Toronto Maple Leafs: Why the Owners Couldn't Care Less If They Win Or Lose!

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Toronto Maple Leafs: Why the Owners Couldn't Care Less If They Win Or Lose!
Bruce Bennett/Getty Images
Larry Tanenbaum

As of 2009, the Ontario Teachers’ Pension Plan (66 percent), Kilmer Sports inc., owned by Larry Tanenbaum (20.5 percent) and TD Capital (14 percent) own the Maple Leafs and combine to make up MLSE (Maple Leafs Sports and Entertainment).

Forbes.com has Toronto as the highest-valued team in the NHL in 2009 listing them as worth $470 million. For a few more numbers on Toronto, click here.

Yet they haven’t won a cup since 1967.

Brian Burke has the pressure of the media and Leafs nation to put a winning product on the ice but the owners couldn't really care less as the money continues to roll in no matter who’s on the ice.

The corporate seats sold in the ACC make it tough for any regular Joe to get a good ticket to a game, of course, without having to pay an arm and a leg to the many scalpers that stand like ravens hunting for something shinny just outside the lights of the massive screen on Bremner Avenue.

I’m sure it irks some Leafs fans to know that Mike Komisarek is making as much as Phil Kessel, but does that matter to the owners? I highly doubt it.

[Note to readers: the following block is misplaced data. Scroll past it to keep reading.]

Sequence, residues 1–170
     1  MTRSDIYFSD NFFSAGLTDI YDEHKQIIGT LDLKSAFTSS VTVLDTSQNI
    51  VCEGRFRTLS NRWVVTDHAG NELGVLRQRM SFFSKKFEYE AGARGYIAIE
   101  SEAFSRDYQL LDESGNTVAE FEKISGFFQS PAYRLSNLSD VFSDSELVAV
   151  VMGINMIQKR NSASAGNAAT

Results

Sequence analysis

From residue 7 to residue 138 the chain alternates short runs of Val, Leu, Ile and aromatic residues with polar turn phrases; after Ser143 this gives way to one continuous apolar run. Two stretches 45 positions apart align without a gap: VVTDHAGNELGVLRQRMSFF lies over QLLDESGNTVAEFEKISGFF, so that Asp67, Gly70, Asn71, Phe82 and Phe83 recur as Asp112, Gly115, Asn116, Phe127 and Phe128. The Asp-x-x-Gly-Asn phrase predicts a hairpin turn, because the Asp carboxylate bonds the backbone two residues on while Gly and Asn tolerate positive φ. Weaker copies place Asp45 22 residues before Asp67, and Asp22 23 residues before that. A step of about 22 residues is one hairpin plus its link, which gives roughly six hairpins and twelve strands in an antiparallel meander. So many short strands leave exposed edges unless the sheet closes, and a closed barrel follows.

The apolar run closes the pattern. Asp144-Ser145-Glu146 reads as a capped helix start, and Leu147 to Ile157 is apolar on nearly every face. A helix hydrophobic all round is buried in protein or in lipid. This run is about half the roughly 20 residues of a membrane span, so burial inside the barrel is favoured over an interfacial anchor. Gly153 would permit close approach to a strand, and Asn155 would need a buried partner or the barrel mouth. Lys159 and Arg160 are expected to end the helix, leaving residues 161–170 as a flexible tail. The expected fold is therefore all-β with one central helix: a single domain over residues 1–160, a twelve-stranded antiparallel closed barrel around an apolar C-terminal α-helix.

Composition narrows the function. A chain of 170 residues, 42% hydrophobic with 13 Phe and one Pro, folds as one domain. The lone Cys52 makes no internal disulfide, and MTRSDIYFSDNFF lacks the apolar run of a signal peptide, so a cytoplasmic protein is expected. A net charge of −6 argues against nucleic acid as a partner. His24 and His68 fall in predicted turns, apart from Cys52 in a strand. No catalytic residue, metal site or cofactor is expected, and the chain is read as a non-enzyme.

If the Leafs continue to slide in their rebuilding phase with Burke at the helm and Ron Wilson behind the bench and give away another top-five draft pick to division-rival Boston, will there be fewers fans in the stands next year?

No!

It will be even harder to get a ticket because Nazem Kadri and perhaps a couple of other prospects will be ready to take full-time duty wearing the blue and white, and the corporate money will still be there, and guaranteed, no one is giving up their seasons tickets.

The vicious cycle continues.

I won season tickets to the Leafs last year in the first preseason game against the Boston Bruins while standing beside the now Los Angeles Kings forward Alexei Ponikarovsky, truly the dream of any Leafs fan.

Granted, last season was tumultuous, to say the least, and there wasn’t a lot to cheer about.

But even down the stretch, when Toronto was playing some good hockey, once Burke made all the changes, the atmosphere in the ACC was still lacking, to say the least.

The corporate seats (lower bowl) had suits in them talking business while drinking and eating the extremely overpriced beer and Burkies Dogs that combined could run you $30 (Beer and a hot dog $30). You would only hear a peep out of them at the end once drunk, and usually only in the form of Boos, while the raucous true fans yelled from the rafters hoping their hockey heroes would hear some support for their efforts on the ice.

The sad state of affairs is not just the lack of scoring, poor coaching, traded away youth of the past and poor scouting in Toronto, but it stands with the greed of MLSE and its owners, who again, could care less about the product.

I will continue bleeding blue and white till death do us part, but the deeper I delve into the inner workings of the Toronto Maple Leafs and MLSE the more bleak the darkness seemingly has me spurring death to my door with haste.

Almost sadly, still I cheer, GO LEAFS GO!

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